Hackday React Native for Android

When React Native for Android came out I was excited to investigate it more at one of Liips monthly innovation days. Liip already developed a React Native app for iOS and we wanted to know how it works for Android. We were: Andrey, Germain, Lukasz and me. Germain is currently working on a cross platform app written with Xamarin.

For this hackday we tried to port an existing React Native iOS app to Android.

TL;DR: We are waiting for WebViews to be supported. See the pull request for changes. We didn’t need to dive deep into Android APIs like XML Layouts for views.

How code sharing works 

React Native has a “packer” which is responsible for collecting and loading all javascript files and resources. To avoid explicitly checking for the current platforms using if/else blocks, the packer ignores all files which end in .android.js on iOS and all files ending in  .ios.js  on Android. The way to develop platform specific components is: First divide the app into small components, each component in its own file. Then implement a platform specific version of a component that works differently.

guess-androidFor example we have a ProgressCircle component which displays a progress in a circle. On iOS we implemented this using React ART but at the moment there is no support for Android. Fortunately we found a package which provided what we needed to get it to work on Anroid. So now have next to the existing  ProgessCircle.js file a new  ProgressCircle.android.js  file. We didn’t have to change the existing code.

An idea was to use inheritance with ES6 classes to not redefine properties etc. We didn’t explore this idea further yet.

What we needed to change

Guess the Liiper on Android – NavigationFor navigating between screens on Android we introduced the Navigator component. We used the existing route definition we used for the iOS navigator and fed it into the Navigator component. That went quite well, only a few lines of code were needed to make the navigation work on Android. Binding the back button we stole from the HackerNews React Native app. On iOS we still use the NavigatorIOS to keep the native look and feel.

Since we used the ActivityIndicatorIOS directly which only works on iOS, we had to create a new component “LoadingIndicator” which uses a ProgressBarAndroid on Android and the ActivityIndicatorIOS on iOS.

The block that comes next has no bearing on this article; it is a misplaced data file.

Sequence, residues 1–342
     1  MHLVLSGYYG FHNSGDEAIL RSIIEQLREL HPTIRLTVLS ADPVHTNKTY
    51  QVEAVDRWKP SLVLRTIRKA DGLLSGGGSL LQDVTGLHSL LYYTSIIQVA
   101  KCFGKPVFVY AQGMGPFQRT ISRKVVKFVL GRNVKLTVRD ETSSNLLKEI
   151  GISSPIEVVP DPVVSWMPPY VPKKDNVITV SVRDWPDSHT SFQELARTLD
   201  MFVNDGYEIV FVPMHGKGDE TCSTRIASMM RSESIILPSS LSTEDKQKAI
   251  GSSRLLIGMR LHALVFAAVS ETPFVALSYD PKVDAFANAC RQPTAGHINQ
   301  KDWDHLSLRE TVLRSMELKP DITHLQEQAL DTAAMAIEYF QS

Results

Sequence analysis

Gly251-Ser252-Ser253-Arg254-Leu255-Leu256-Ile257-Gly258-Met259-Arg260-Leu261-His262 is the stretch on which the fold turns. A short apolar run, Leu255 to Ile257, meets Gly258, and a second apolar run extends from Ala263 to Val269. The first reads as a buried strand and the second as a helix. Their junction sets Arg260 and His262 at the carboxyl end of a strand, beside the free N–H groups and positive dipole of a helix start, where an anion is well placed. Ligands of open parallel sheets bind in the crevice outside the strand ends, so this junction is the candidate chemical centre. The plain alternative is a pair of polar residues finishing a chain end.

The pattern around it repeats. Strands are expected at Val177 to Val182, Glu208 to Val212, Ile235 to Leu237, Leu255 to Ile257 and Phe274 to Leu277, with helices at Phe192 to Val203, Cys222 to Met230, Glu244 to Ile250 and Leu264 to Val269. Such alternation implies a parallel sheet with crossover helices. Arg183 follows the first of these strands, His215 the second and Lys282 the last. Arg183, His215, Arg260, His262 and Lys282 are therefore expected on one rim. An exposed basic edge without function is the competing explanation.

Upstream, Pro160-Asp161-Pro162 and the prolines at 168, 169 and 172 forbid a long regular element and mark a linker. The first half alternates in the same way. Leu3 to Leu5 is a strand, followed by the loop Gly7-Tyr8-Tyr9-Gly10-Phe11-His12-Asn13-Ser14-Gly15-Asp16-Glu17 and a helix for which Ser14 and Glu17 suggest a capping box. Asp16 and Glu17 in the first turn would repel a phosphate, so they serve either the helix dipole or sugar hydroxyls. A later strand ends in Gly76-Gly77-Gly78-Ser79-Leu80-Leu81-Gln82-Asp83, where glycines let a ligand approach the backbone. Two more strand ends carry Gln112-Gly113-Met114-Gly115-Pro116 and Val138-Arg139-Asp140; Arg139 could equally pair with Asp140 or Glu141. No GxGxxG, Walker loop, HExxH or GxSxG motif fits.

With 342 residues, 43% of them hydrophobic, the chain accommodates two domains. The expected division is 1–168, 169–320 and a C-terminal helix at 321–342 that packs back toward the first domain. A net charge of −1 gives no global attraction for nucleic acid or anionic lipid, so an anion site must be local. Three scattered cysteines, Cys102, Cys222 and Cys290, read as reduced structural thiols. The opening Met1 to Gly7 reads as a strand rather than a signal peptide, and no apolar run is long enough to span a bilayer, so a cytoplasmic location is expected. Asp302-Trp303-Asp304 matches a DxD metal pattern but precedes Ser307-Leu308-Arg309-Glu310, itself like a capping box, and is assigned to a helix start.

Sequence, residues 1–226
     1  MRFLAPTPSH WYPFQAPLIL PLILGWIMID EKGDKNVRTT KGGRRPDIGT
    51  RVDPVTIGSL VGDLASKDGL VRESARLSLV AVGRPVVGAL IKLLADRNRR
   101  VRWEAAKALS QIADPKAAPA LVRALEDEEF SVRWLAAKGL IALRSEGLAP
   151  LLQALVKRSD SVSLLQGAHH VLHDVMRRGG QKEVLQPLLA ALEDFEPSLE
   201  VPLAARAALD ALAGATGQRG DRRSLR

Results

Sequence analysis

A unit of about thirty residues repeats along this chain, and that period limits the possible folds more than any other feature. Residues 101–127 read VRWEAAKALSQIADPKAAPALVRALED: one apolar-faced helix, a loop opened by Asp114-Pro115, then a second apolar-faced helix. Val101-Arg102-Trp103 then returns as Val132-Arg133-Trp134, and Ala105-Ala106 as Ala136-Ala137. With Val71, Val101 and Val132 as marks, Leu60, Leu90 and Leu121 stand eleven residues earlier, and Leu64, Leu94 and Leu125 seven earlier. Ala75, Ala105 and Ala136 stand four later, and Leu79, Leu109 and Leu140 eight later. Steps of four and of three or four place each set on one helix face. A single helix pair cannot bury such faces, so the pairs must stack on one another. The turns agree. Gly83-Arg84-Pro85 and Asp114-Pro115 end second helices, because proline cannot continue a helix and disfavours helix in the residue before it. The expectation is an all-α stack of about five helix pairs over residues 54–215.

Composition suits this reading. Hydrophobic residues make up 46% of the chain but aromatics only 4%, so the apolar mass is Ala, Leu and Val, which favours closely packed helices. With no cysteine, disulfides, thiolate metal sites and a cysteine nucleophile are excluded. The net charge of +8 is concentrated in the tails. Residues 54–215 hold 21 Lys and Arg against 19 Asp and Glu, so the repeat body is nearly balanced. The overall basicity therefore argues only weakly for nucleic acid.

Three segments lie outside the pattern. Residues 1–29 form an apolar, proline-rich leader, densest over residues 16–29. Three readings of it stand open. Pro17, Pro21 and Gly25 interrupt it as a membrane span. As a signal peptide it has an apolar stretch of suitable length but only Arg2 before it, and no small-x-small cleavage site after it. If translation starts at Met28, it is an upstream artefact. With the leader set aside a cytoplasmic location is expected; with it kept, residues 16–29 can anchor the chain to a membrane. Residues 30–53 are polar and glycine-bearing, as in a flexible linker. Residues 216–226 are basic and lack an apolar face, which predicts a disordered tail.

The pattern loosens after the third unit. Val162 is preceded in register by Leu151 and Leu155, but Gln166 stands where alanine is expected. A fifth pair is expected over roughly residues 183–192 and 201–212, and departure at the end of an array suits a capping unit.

Like described above we also needed to add an implementation for the ProgressCircle component on Android.

What is not working

Our main issue was that WebViews are not yet supported on Android. We currently use WebViews for authentication on a website. Unless we find another solution to do this, we will wait for Facebook’s implementation which should arrive soon.

Another topic worth to mention is the app states lifecycle. During our tests we couldn’t find a way to interact with these events on android, although it exists for iOS. Hopefully Android will come along in a coming release.

Translations (new feature added to our app)

To test out a feature which was not easy to implement with Xamarin, we looked at translations. For that we found a package which works on Android and iOS. We translated a few buttons as an example and it works well on both platforms. The device language is automatically detected, in the screenshot you see the french version.

All changes are in our pull request.


The idea of React Native is to learn once how to write React components and use this knowledge on different platforms. Knowing the APIs of those platforms becomes less important. For this first effort we didn’t have to dive into Android APIs at all.

React Native for Android has potential, but we are missing some features like WebViews and ART which will come with time. In a few month from now we expect the Android version to have caught up to the iOS version.



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Machine learning on Google Analytics

Data mining using machine learning (ML) is a field that always fascinated me. You give an learning system millions of collected data, and it outputs back unexpected insights, that can help you focus on what matters, make you drop things that don’t work, clears mystery from your customers behaviors and potentially reorient your company strategy.

It’s compelling, but that makes you imagine the machine is doing the hard job … Of course not, the machine remains stupid, as always. Data mining is a long iterative process that requires a good load of intuition and a deep understanding of machine learning algorithms. However, it remains more accessible and fun than statistics to experiment because of its intrinsic empirical approach – sorry for feeding what’s already being an unfair preconception that favor ML trend over statistics since decades…